After a year of the kinds of incidents I’ve described above, I’ve found myself asking why films about China are so often regarded by young local viewers as attacks on their country — attacks they take very personally. Part of the explanation can no doubt be traced to a deep-seated national insecurity. Hundreds of years of humiliating defeats at the hands of colonial powers, decades of turmoil and civil war during the 20th century, and 30 years of poverty, social upheaval and political violence under Mao have left many Chinese people understandably sensitive to perceived slights, especially from outsiders.

However, I think there are also deeper historical and contemporary cultural factors at play here.

Although China has recently undergone one of the fastest processes of industrialisation in human history, the country’s social structure is still in many ways more akin to a traditional agrarian society than a modern urban culture. This is especially true in north China, where the winds of economic change came much later than the areas neighbouring Hong Kong. In an interview with British novelist Justin Hill, Guo Xiaolu reflected on how this disjunction between a surface modernity and more traditional psychology is reflected in Chinese attitudes towards collective memory versus individualised creative voices:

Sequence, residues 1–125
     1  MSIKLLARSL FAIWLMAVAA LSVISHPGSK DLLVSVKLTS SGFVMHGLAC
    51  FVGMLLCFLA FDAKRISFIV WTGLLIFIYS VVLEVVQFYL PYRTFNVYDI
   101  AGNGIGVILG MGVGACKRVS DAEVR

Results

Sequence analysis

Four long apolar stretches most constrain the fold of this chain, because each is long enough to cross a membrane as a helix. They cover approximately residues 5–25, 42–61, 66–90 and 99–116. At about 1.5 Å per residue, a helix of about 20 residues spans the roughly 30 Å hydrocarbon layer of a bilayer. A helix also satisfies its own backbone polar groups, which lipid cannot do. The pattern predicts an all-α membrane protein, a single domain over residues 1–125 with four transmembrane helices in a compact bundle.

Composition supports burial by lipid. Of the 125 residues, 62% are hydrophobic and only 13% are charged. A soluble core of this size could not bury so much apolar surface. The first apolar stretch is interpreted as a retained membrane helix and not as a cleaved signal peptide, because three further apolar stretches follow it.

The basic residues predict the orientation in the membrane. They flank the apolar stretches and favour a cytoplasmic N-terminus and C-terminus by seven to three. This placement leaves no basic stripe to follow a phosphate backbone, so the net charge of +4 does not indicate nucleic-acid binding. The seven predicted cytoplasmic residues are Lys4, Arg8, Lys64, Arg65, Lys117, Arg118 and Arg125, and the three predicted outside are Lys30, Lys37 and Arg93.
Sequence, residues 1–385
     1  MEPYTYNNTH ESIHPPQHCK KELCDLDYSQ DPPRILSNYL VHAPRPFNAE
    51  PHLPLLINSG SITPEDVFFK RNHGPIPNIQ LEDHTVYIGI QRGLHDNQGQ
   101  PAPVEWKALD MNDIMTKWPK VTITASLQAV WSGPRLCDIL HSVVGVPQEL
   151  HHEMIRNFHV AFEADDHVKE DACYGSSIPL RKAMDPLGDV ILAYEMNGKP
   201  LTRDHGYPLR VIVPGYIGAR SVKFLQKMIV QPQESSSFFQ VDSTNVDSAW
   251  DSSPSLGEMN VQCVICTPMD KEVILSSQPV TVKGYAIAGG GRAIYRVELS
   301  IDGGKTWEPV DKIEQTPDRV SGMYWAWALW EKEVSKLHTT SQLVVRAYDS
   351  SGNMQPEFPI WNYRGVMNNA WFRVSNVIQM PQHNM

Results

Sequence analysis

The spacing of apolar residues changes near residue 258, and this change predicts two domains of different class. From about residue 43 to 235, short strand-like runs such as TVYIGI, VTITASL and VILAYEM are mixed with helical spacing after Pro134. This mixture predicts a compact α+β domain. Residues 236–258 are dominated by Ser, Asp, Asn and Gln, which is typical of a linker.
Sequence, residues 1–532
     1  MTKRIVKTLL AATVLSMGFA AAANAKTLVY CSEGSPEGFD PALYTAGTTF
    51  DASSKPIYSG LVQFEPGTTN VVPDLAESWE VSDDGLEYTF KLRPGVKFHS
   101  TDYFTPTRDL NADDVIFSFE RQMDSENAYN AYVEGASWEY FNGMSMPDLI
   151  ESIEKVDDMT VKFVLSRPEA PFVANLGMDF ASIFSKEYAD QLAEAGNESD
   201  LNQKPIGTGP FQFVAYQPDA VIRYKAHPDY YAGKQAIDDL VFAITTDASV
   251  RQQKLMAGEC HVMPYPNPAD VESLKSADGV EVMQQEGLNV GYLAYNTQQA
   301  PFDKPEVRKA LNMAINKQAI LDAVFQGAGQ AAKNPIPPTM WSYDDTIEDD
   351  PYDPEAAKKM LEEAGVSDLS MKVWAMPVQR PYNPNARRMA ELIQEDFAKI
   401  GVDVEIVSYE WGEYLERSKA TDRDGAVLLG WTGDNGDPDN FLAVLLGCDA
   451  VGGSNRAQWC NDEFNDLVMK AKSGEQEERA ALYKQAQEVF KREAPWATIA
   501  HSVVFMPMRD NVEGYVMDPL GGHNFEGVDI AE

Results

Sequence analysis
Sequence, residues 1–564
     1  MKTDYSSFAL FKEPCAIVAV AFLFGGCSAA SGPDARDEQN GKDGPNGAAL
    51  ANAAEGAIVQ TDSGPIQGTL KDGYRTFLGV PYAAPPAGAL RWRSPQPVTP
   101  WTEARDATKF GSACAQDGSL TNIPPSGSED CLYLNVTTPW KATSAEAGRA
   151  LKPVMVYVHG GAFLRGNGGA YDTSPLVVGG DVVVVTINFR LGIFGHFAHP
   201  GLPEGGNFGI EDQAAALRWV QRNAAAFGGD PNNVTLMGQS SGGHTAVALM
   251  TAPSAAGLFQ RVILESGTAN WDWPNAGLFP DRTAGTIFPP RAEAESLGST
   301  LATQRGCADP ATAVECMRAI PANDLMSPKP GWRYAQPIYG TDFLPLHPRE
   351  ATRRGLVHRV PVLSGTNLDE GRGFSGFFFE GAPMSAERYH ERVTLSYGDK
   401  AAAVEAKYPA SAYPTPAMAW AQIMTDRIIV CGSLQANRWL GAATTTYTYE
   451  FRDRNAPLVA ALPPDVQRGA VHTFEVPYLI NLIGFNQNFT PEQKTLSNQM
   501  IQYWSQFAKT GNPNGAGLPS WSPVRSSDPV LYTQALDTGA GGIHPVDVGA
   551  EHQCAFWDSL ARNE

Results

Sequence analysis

"Chinese people think in terms of family, not individuals. Older people in China talk about collective memory…or a certain kind of story that belongs to the collective memory. And they’re not sure how to bring in the personal point of view…"

To put Guo’s claim another way, the modernist understanding of the artist as an individual who casts a detached, critical eye over society, and reflects a subjective view back to the audience via his or her work, has yet to find general acceptance in China. When my friend complained that the Russian-born director of Untouched was neither Irish nor Chinese, ultimately I don’t think this was a response to anything specific the film was saying, but rather an expression of her discomfort with the idea of an distanced, critical authorial voice — or a "third eye" as she put it. The attendant conception of art as a disruptive force that might challenge the assumptions by which we make sense of the world has little traction in China, and is actually regarded as a threatening notion by a significant number of people — not least those in positions of power.